Tuesday, July 31, 2012

Surprise Visit!

Brandon Sacred Ibis (Pete Worthy)
With the boat renovations proceeding well I've actually managed several trips to Brandon Marsh since my last post, the latest of which was this morning in the rain.

Firstly, what have I missed over the past week or so? Well I thought a major wind-up was taking place when on Thursday morning I received a text from Jim Rushforth from the Brandon Conservation Team alerting me to a Sacred Ibis which had allegedly dropped in to East Marsh Pool. Thursday is work party day at Brandon and I had decided to give it a miss and felt this may have been the reason for the wind-up! I won't repeat my reply to Jim but after several back and forth texts it took a phone call from Mike Lee to actually convince me it was a true story.

Small Tortoiseshell (Rare This Year!!)
Anyway here's a little background on this sub-Saharan African species: A Feral breeder in France - Birds escaped from Branfere Zoo, Morbihan, Brittany and have been observed in the wild since c.1980. They first bred at the beginning of the 1990s at Huric, Golfe du Morbihan and in 1994 in a heronry at Lac de Grandlieu, Loire-Atlantique. Population in France est. 280 pairs in 1994. As an African species it is not in category A of the British List so no ticks on this one guys. As for Brandon it will likely go down in the 'Exotica' section of the annual Brandon report.(research by: Jim Rushforth)

The other highlights at Brandon over the past week have included greater numbers of Butterflies on the wing and having hardly recorded any Small Tortoiseshell this year, I'm glad to report that two were noted this week. Peacock, Red Admiral, Essex Skipper, Small Skipper and Large Skipper were also noted. Gatekeepers are now in reasonable numbers after a slow start with Meadow Brown being the most prolific. It goes without saying that this is still a disastrous year for Butterflies.

Ruddy Darter
Odanata have included Common Darter, Ruddy Darter, Brown Hawker and good numbers of Common Blue Damselfly, mainly over the pool areas.

Finally, on the birding front I managed Hobby, Little Egret and a lone Snipe on Saturday morning and after a slow start this morning in the rain three Green Sandpiper on Teal Pool and single Dunlin and Common Sandpiper on East Marsh Pool were the best of the day. As for breeding species, 3 families of Tufted Duck (4,5,1) plus a lone Gadwall chick was the best of the morning. With only two adults on site this morning Brandon still remains devoid of any Common Tern chicks this year!!

Monday, July 23, 2012

Local Stuff!

Finally - New Paint for 'Quidditch'
With the predicted summer arriving on schedule I've finally managed to get some paint onto the boat, having been waiting since May for at least 3 days without rain, so apologies to my reader for the lack of posts!

With the boat renovations taking priority and while having a break from Brandon Marsh it's meant that I've been able to concentrate more on the marina grounds during any down time. Last year the dog walking meadow which was alive with wildlife, including nesting Skylarks, was prematurely cut mid-summer. This year I asked the marina management if they would consider leaving it wild and thankfully they agreed producing a superb wild meadow area which has already paid dividends. The earlier highlights being successfully nesting Skylarks and Mute Swans, the latter producing six cygnets which are growing by the day.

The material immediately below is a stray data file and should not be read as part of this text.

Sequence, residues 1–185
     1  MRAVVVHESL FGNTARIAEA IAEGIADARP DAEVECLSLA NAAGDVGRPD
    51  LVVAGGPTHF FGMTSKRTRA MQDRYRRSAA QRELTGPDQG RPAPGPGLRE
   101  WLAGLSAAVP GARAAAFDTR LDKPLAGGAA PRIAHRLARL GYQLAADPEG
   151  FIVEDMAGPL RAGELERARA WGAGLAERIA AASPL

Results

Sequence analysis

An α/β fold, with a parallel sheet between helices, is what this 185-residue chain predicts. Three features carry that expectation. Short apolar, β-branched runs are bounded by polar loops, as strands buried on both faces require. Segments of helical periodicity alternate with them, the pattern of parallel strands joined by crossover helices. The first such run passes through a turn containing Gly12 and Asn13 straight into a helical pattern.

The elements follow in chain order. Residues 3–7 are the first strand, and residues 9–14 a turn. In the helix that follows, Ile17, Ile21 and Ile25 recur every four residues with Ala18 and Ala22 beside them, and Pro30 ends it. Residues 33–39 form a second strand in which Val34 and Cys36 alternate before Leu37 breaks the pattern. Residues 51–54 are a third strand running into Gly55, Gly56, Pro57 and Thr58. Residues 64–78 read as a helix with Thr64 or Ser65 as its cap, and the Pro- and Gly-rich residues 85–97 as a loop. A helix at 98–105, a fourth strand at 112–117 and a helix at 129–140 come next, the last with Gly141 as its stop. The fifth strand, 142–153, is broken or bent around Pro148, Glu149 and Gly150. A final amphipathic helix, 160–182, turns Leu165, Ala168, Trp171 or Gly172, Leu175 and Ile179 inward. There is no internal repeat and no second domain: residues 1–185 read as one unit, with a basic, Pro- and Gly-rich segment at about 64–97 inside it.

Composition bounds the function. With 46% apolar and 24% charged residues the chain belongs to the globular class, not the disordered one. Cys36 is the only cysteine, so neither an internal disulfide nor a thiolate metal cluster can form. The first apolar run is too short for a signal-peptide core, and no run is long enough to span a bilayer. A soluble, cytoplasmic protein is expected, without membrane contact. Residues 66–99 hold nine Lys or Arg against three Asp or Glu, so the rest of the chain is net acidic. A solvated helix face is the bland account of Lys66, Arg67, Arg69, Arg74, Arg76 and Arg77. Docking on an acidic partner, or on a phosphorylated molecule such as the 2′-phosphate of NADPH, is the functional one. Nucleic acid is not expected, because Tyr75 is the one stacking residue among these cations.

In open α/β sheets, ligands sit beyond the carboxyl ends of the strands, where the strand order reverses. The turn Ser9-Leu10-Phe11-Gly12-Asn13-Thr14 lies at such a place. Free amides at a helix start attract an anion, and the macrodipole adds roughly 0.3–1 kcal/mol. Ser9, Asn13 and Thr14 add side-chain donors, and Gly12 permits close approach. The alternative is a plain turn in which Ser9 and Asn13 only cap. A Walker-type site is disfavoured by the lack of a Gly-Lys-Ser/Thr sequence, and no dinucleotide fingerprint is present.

Green Hairstreak
Yesterday I managed a good scout of the meadow and was delighted with the amount of wildlife seen. Meadow Brown Butterflies were abundant plus various numbers of Marbled White, Gatekeeper, Ringlet, Small Tortoiseshell, Small Skipper, Large White and Small Copper but the surprise of the day was a lone Green Hairstreak along the Hawthorn bank. Dragonflies included Brown Hawker, Black-tailed Skimmer and Common Darter, Damsels seen were Common Blue, Banded Demoiselle and Azure Blue.

Song Thrush
Earlier in the year I'd noticed Grass Snakes nesting in the area used as a dumping ground for the grass cuttings and today I managed a couple enjoying the glorious sunshine. During my walk Linnets seemed plentiful and I'm happy to report that the localised population of Tree Sparrows have also had a good year, I found at least eight. Singing Yellowhammer, Greenfinch, Song Thrush and the constant call of a young Common Buzzard from the adjacent field, plus two Common Tern and Green Woodpecker were the other highlights. A decent number of Swallows were also a constant companion swooping low over the meadow in search of flies.

Dee and I had dinner alfresco for the first time this year and we counted at least 30 Pied Wagtails, including several young birds, which come into Wigram's each night to roost. As darkness fell a walk to the canal junction produced two Daubenton's Bat skimming the water, a distant Little Owl and a Reed Warbler was constantly chattering away in the reed bed.

Tuesday, July 17, 2012